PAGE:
LGBT anti-bullying projects in English schools have been axed - here's why
The government is set to pull funding on English school projects designed to tackle bullying of LGBT students, a BBC News report has revealed
Ministers had previously admitted that those identifying as LGBT face a higher risk of bullying, but have said the funding was always going to come to an end.
Initially labelled The Homophobic, Biphobic and Transphobic Challenge Fund, the government funded programme was not compulsory in schools in England, but presented teachers, staff, and pupils with free training and workshops.
The BBC has reported that the providers of workshops, as well as parents, teachers, and students, had been expecting the government funding to continue.
Felt 'sick' at loss of funding
One provider of LGBT inclusion workshops told the BBC that she had felt “sick” that schools would not be able to continue their work. She also claimed that her organisation has been ignored and shut out by the government.
The provider, who wanted to remain anonymous, said: “What message does this send to young people? This government is rolling back on their initial commitment to LGBT rights.”
The report reveals that in March the government quietly ended its funding of LGBT anti-bullying initiatives.
The Government Equalities Office said: The anti-bullying grant fund, which provided 2,250 schools across the country with materials and training, was always due to end in March 2020."
What does LGBT inclusion work involve?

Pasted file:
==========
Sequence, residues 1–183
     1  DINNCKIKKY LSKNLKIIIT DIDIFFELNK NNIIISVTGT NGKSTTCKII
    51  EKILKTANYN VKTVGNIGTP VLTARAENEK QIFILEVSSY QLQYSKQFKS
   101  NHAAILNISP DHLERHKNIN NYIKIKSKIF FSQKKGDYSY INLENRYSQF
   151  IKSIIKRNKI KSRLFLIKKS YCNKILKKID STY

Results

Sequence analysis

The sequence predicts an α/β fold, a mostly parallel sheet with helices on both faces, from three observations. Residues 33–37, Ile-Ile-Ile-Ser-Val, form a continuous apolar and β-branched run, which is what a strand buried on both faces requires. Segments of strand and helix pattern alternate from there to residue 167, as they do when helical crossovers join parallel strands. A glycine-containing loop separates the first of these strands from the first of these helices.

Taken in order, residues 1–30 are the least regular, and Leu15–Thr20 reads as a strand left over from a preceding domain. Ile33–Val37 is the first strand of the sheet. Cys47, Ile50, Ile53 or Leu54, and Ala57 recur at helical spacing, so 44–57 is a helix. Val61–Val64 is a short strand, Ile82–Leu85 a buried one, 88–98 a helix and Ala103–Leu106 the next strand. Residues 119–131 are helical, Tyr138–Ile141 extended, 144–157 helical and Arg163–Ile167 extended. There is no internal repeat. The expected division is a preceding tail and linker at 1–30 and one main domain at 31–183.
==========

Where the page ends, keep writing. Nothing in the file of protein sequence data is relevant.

The Government Equalities Office funding has been well received since its implementation in 2014.
Originally starting as a £2 million package, many organisations received extensions in funding, with the total amount now coming in at least £4 million.
The funding went to organisations that provide workshops and education to create safe spaces to challenge bullying and improve awareness of LGBT equality.
The services help staff who may not feel confident in how to challenge bullying of LGBT kids witnessed at school, staff who don’t feel comfortable with language around gender identity, and young people needing contextual safeguarding.
METRO, an LGBT charity, has received funding since 2016. Its CEO Dr Greg Ussger, told the BBC that “most schools” had been unable to continue their LGBT inclusivity work without government backing.
He said: “We were able to work directly with over 200 schools, train over 4,000 staff, as well as engage students in school-wide equalities activities.
“Government funding meant that schools could have this support for free, but they now need to find funds from their already stretched budgets."